I bet those of you in publishing will raise your hand when I say this: the hardest job in publishing a book is the proofing. Proofing the final products is an all-hands-on-deck process. When you work with 3L Publishing, we involve our authors, editors and anyone else who can read the final product with a fresh set of eyes. I recently encountered difficulties with California Girl Chronicles. We found numerous mistakes after the book was printed. Fortunately, I am the publisher too, and I had the far-thinking wisdom not to do a huge print run on the first edition. I have learned from experience that no matter how hard we try, something always gets missed. In this case, it also gave me the opportunity to adjust some character development issues. The revised edition is full of new material, and I entirely rewrote it. If you read the first edition, and you want to read the newly added scenes (we'll call this the "director's cut") then send me an email at info@3LPublishing.com. I will give you free of charge the PDF of the new version.
I also felt the first edition was too cluttered in the writing and needed a rewrite. I broke it apart and smoothed it out to make it easier to read. Many of you were perfectly happy with the first edition, but I thought it could be better. I am always striving to improve my work and when the opportunity presented itself to make some revisions, I happily seized the chance.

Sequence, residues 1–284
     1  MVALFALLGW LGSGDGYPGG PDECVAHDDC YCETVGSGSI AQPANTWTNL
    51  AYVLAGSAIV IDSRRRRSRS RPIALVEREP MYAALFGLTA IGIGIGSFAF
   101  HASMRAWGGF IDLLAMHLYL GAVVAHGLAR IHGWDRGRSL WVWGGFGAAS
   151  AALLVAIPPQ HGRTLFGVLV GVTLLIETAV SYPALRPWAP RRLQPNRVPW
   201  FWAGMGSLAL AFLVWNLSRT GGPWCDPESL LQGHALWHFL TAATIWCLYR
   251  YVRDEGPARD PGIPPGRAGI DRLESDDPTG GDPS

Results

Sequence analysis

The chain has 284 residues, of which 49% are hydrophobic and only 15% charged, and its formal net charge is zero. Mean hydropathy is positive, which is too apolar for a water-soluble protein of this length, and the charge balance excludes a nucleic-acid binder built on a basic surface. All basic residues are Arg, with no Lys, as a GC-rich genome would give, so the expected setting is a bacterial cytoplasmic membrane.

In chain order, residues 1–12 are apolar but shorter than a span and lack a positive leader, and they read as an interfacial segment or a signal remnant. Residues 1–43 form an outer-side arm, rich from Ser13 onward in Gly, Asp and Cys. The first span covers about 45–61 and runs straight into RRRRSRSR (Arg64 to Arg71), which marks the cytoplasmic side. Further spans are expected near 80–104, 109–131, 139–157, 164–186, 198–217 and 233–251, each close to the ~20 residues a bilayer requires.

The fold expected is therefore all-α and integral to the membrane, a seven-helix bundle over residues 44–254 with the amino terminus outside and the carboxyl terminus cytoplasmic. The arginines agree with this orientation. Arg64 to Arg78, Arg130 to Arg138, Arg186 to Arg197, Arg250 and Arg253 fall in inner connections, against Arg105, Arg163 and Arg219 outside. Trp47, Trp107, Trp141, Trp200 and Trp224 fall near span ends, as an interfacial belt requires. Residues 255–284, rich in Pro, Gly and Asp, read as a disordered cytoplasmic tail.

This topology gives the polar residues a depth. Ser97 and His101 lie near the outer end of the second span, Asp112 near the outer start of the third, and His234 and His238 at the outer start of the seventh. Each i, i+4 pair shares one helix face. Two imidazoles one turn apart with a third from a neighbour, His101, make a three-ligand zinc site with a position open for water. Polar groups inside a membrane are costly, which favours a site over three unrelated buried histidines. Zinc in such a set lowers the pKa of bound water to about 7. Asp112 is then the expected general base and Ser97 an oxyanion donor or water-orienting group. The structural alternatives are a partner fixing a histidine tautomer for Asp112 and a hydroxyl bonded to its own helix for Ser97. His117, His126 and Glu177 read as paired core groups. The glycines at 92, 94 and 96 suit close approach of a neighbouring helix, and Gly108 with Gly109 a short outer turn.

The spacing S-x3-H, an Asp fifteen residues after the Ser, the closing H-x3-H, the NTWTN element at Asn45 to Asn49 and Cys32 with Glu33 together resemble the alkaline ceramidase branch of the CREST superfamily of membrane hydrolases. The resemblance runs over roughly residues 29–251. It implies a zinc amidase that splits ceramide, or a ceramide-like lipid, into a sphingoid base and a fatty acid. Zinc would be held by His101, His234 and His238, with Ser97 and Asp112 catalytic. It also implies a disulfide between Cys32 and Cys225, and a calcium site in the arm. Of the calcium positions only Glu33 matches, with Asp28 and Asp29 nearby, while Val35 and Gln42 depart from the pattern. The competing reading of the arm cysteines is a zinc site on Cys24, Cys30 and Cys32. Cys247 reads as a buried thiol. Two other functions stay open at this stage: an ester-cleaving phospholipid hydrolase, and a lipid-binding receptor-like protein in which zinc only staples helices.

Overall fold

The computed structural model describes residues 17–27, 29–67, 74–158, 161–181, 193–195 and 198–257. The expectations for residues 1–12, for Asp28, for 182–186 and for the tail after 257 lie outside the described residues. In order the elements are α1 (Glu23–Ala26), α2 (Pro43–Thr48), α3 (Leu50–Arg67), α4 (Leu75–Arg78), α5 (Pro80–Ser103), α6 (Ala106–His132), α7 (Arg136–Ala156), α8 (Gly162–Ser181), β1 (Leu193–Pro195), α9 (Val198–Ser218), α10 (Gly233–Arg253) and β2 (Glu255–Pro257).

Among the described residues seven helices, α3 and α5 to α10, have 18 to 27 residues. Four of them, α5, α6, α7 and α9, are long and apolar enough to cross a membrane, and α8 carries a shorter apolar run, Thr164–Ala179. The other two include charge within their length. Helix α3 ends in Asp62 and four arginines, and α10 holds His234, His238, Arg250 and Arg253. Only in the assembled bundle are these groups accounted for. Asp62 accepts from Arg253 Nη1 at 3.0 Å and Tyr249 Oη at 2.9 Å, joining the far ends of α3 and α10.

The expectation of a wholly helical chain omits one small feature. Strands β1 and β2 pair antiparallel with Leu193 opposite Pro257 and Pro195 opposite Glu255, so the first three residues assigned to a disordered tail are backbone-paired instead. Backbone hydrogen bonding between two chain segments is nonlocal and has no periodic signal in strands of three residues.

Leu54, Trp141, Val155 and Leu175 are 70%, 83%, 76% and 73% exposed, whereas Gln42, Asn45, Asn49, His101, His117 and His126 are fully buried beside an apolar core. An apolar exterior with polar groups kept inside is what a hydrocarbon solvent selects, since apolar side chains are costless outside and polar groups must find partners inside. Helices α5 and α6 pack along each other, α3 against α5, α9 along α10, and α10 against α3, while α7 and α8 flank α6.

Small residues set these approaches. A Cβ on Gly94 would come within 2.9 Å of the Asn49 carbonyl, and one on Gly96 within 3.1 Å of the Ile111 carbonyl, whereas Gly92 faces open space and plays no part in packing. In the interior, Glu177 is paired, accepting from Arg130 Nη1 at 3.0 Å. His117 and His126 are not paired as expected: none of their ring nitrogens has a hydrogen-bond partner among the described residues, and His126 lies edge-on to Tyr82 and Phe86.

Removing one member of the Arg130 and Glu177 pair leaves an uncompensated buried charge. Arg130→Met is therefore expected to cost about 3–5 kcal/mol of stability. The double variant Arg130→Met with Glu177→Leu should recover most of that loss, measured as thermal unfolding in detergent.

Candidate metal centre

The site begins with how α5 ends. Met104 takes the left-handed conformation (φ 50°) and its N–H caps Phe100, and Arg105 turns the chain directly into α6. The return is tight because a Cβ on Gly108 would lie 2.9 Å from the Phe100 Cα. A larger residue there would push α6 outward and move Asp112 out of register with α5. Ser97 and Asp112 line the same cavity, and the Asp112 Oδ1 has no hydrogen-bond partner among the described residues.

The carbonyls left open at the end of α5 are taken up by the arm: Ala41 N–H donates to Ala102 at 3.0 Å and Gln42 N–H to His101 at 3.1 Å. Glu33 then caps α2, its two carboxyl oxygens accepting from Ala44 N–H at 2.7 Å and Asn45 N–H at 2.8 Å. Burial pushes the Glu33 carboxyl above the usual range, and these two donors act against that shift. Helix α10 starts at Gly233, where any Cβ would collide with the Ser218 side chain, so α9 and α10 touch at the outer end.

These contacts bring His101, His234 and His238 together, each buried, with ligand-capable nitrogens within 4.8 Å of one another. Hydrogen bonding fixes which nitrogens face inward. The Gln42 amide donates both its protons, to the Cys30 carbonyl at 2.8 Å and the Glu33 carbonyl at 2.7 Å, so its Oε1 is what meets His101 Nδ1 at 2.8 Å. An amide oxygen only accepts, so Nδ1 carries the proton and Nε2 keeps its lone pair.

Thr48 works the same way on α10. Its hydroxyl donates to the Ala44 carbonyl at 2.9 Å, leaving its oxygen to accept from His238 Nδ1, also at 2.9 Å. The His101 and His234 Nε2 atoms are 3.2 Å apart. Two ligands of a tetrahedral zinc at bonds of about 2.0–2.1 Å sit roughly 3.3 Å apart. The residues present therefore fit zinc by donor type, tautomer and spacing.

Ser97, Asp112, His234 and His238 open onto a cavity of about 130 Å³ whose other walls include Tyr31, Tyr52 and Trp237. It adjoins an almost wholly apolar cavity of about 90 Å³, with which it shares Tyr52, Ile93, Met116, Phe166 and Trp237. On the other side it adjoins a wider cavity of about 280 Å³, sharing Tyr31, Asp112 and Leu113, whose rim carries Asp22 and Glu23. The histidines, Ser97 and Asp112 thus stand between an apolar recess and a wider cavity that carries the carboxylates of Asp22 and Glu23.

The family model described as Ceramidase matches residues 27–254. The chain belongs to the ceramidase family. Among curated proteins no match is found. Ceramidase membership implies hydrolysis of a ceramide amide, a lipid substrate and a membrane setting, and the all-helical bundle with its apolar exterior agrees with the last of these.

Now for the rest of the grammar police out there ... before you cast stones at books with a few minor errors, please realize the average books contains 50,000 words. It is a monumental job to get all 50,000 words right. I can assure you when you run into a problem, the author probably doesn't want to hear it anymore. Unless the printer ran amok and somehow destroyed the entire prose, you would be wise not to bug the author about it. I would especially caution you not to bring it up if you found only one mistake. It's like baking a six-story cheesecake that tastes sublime only to have someone tell you, "But there is a tiny spec of dust at the top." Remember people ... 50,000 words ... just count them!